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My excellent experiences with car life.
With a fuel injected engine never expect easy cold weather starting. Did I say never? Never.
My last great treatment by the king of battery's told me I had a bad battery. Installed the die hard gold and things were great till the bad diode stack ran the second battery down.
When testing the battery on your own maybe watch the dc voltage reading and switch the prods around to see if there is much change watching the negative and postive reading if you have a good digital multimeter. At the time I dont think I thought much of the fluctuating current symbol + - when doing a quick check. I was getting ac mixed with dc from the bad stack so the battery would end up going down. Not a nice thing when the job requires you to be there.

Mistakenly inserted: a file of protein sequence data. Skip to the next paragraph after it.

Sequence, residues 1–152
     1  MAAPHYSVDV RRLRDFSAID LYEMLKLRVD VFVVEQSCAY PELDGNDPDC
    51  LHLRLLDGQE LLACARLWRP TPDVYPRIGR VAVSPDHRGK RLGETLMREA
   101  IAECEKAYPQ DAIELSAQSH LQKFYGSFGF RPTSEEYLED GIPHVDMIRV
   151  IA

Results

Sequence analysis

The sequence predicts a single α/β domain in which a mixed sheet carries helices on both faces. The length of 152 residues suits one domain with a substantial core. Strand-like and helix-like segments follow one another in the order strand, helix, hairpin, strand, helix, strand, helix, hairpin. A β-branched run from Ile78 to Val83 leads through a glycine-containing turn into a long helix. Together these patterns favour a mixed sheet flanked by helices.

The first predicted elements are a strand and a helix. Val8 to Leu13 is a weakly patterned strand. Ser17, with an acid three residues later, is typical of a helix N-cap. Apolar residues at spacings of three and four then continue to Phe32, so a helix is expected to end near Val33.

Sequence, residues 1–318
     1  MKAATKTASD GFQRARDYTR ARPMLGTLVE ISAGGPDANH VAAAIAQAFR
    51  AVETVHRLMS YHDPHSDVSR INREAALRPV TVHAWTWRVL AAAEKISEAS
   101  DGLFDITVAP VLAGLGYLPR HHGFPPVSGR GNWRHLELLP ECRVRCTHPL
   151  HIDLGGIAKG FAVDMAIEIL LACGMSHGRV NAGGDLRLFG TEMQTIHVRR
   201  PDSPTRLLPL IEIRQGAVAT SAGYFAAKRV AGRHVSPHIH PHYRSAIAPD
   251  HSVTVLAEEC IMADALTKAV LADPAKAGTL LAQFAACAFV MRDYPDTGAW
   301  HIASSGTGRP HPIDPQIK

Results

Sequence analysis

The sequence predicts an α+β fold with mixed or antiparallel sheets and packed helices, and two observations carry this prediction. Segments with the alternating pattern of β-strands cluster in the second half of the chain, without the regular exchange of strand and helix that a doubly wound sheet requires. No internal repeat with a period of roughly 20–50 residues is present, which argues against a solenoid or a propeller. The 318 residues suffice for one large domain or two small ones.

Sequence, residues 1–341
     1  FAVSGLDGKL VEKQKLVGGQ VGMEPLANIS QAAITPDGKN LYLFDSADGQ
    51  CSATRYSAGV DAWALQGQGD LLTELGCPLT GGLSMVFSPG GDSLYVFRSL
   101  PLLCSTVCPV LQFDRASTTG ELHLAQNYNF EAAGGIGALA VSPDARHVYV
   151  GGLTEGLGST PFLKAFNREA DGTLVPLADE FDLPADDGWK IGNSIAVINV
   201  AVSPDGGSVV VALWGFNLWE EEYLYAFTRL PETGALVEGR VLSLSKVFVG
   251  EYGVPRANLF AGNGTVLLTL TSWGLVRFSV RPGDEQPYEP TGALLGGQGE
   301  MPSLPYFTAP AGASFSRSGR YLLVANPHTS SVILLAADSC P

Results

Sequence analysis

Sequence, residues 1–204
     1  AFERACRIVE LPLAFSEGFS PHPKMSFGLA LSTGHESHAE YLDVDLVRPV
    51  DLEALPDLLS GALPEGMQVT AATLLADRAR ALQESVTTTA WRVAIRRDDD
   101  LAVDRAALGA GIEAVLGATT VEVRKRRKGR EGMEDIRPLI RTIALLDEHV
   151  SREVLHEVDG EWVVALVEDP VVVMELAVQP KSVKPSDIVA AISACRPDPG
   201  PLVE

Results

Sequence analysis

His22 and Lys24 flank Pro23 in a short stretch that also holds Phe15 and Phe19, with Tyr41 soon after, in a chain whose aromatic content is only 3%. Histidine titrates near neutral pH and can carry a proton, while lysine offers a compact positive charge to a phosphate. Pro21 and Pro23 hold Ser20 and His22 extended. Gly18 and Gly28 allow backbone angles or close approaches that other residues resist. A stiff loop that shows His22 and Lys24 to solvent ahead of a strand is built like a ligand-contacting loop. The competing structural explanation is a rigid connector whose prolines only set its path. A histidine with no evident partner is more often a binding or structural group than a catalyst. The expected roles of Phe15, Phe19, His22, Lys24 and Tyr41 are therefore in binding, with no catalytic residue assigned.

Good luck finding whatever it is.
 

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I know this may be a little bit out there, but the only effective method in your case after all the previous attempts is to perform several voltage drop tests on the cranking circuit. This can be done using a digital volt meter. Since the battery sounds weak, the test should be done with a charger on the system, set to 12 volt low/normal. Specifications should not exceed .5 to 1 volt maximum. Peform this as follows:

Connect positive lead to battery terminal and negative lead to the opposite end of positve cable at the starter and have some one crank the engine, remember to disable the injectors for you don't want the engine to start during this test. This can be done by removing one or both PCM fuses at the I/P

Perform the same test on the negative side by connecting the positive lead to the negative cable at the battery and the negative lead to a good engine/chassis ground and again crank the engine